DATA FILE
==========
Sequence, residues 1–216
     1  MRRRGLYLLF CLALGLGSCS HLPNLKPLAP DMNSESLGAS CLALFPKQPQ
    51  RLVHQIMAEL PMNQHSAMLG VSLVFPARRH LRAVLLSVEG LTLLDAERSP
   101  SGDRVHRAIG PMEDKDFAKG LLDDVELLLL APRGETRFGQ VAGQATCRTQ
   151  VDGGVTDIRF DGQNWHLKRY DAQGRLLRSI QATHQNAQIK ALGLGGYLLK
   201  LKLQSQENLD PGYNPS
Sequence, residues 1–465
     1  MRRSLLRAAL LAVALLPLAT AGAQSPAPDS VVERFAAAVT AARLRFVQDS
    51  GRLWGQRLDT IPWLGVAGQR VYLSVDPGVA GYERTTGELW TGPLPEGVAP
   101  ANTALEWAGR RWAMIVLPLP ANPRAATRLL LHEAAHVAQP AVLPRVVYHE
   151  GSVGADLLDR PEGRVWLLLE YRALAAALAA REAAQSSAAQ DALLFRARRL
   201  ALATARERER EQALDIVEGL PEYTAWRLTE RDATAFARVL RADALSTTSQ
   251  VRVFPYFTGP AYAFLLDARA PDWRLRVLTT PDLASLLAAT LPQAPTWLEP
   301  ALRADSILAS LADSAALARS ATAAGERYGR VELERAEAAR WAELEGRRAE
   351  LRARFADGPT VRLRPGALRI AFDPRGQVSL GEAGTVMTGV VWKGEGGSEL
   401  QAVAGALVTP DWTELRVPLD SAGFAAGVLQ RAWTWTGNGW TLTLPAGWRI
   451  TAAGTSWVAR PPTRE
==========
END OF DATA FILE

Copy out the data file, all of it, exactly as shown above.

Sequence, residues 1–216
     1  MRRRGLYLLF CLALGLGSCS HLPNLKPLAP DMNSESLGAS CLALFPKQPQ
    51  RLVHQIMAEL PMNQHSAMLG VSLVFPARRH LRAVLLSVEG LTLLDAERSP
   101  SGDRVHRAIG PMEDKDFAKG LLDDVELLLL APRGETRFGQ VAGQATCRTQ
   151  VDGGVTDIRF DGQNWHLKRY DAQGRLLRSI QATHQNAQIK ALGLGGYLLK
   201  LKLQSQENLD PGYNPS
Sequence, residues 1–465
     1  MRRSLLRAAL LAVALLPLAT AGAQSPAPDS VVERFAAAVT AARLRFVQDS
    51  GRLWGQRLDT IPWLGVAGQR VYLSVDPGVA GYERTTGELW TGPLPEGVAP
   101  ANTALEWAGR RWAMIVLPLP ANPRAATRLL LHEAAHVAQP AVLPRVVYHE
   151  GSVGADLLDR PEGRVWLLLE YRALAAALAA REAAQSSAAQ DALLFRARRL
   201  ALATARERER EQALDIVEGL PEYTAWRLTE RDATAFARVL RADALSTTSQ
   251  VRVFPYFTGP AYAFLLDARA PDWRLRVLTT PDLASLLAAT LPQAPTWLEP
   301  ALRADSILAS LADSAALARS ATAAGERYGR VELERAEAAR WAELEGRRAE
   351  LRARFADGPT VRLRPGALRI AFDPRGQVSL GEAGTVMTGV VWKGEGGSEL
   401  QAVAGALVTP DWTELRVPLD SAGFAAGVLQ RAWTWTGNGW TLTLPAGWRI
   451  TAAGTSWVAR PPTRE